Health-care referendum opponents call Issue 3 'disaster'
By Marc Kovac
A constitutional amendment to block federal health-care mandates from taking effect in Ohio would threaten existing state programs, including licensing for doctors and insurance agents, a study released Thursday by a liberal research group says.
Columbus-based Innovation Ohio calls state Issue 3 “bad law, bad policy and bad medicine.”
“Putting such a carelessly conceived and sloppily worded amendment into our state constitution would be an unmitigated disaster,” said the group’s spokesman, Dale Butland. “Issue 3 would also spawn so many legal challenges and lawsuits that it could reasonably have been subtitled the Lawyer’s Full Employment Act of 2011.”
Backers of the amendment countered the assertions, however. Meghan Snyder, a spokeswoman for Ohioans for Healthcare Freedom, said in a released statement, “First, they said Issue 3 wouldn’t have an impact. Then, they said it was a ‘pointless’ issue. Now, the liberals of Innovation Ohio are crying foul. But it’s too late — the thousands of Ohioans working to keep forced government healthcare out of Ohio are not deterred by their recycled tactics.”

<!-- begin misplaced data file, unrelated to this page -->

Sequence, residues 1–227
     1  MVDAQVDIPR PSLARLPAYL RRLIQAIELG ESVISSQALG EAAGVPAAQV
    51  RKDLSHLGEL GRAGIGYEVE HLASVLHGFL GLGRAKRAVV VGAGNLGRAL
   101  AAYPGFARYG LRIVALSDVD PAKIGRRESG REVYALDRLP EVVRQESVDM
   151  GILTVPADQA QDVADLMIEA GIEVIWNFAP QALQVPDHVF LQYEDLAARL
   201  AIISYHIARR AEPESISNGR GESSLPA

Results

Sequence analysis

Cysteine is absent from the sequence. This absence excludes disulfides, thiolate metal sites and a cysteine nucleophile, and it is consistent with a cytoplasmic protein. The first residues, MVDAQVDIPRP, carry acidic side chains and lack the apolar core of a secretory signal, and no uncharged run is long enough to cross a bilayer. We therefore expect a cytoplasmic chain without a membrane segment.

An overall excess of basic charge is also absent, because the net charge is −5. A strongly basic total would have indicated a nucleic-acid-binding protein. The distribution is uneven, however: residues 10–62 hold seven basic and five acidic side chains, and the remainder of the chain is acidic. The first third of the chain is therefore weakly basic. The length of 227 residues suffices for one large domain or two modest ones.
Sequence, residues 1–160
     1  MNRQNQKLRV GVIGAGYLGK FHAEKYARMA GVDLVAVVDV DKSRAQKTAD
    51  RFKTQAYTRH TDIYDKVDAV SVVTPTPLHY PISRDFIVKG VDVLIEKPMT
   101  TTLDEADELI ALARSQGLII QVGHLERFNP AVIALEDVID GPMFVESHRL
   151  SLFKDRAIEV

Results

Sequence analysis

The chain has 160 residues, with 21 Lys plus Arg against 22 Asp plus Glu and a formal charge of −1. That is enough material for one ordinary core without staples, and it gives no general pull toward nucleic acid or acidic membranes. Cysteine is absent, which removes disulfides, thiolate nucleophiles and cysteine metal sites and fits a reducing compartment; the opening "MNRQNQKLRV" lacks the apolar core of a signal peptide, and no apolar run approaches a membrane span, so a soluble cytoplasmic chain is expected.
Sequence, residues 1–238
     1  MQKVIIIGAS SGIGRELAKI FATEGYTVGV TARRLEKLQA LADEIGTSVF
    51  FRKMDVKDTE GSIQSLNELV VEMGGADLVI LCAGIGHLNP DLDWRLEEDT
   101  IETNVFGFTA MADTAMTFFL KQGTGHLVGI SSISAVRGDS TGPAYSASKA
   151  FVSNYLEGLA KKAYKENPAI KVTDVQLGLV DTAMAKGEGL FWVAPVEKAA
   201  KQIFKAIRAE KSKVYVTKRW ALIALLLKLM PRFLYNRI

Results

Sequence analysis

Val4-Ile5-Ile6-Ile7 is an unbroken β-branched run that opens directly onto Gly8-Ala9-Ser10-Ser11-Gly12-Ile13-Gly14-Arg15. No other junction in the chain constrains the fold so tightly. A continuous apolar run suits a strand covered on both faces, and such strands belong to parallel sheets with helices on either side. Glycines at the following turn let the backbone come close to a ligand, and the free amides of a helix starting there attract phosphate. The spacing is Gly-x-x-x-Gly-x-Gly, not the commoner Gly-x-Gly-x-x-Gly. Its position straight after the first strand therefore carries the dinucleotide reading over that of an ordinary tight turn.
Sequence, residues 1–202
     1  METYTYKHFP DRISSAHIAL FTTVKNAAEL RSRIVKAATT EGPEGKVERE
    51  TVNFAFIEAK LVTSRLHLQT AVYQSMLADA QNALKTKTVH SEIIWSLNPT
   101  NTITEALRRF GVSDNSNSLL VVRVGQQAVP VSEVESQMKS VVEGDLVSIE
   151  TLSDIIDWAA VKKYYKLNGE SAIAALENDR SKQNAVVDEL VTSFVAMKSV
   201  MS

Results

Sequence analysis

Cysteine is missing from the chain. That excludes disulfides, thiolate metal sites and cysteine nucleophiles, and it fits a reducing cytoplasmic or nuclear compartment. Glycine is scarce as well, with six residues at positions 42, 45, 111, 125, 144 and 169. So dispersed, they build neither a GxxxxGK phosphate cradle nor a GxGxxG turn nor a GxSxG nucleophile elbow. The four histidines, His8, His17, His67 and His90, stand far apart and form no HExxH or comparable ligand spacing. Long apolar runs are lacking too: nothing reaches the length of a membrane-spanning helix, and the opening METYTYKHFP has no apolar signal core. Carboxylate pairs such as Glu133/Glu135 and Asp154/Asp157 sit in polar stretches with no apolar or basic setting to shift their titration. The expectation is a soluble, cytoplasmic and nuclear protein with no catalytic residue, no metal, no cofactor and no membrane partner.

The constitutional amendment would prohibit any law or rule that forces individuals, employers or health-care providers to buy or sell health care or insurance or levies a fine against those that choose not to participate.
It is directed at the federal health-care-reform package passed last year and supported by President Barack Obama, that included provisions requiring individuals to buy health insurance and companies to provide benefits to their employees, with fines for those who fail to do so.
Innovation Ohio said Thursday that the wording of the constitutional amendment made it more far-reaching than covering the new federal mandates.
The group’s president, Janetta King, said the amendment likely would affect workers’ compensation, school immunization, disease tracking and dozens of other state programs.
King also questioned whether the amendment would hurt licensing requirements for doctors, insurance agents and others involved in the health-care and insurance industries.
“This would essentially make unconstitutional a lot of the medical licensing that we are doing now in the state of Ohio,” she said.
Tom Zawistowski, executive director of the Portage County Tea Party and president of the Ohio Liberty Council, said Innovation Ohio’s opposition isn’t unexpected.
“We clearly understand that there are people who are going to find every possible challenge to this,” he said. “... We believe these challenges are frivolous. ... We wish they would [study] the actual consequences in Obama-care and the damage it’s going to do.”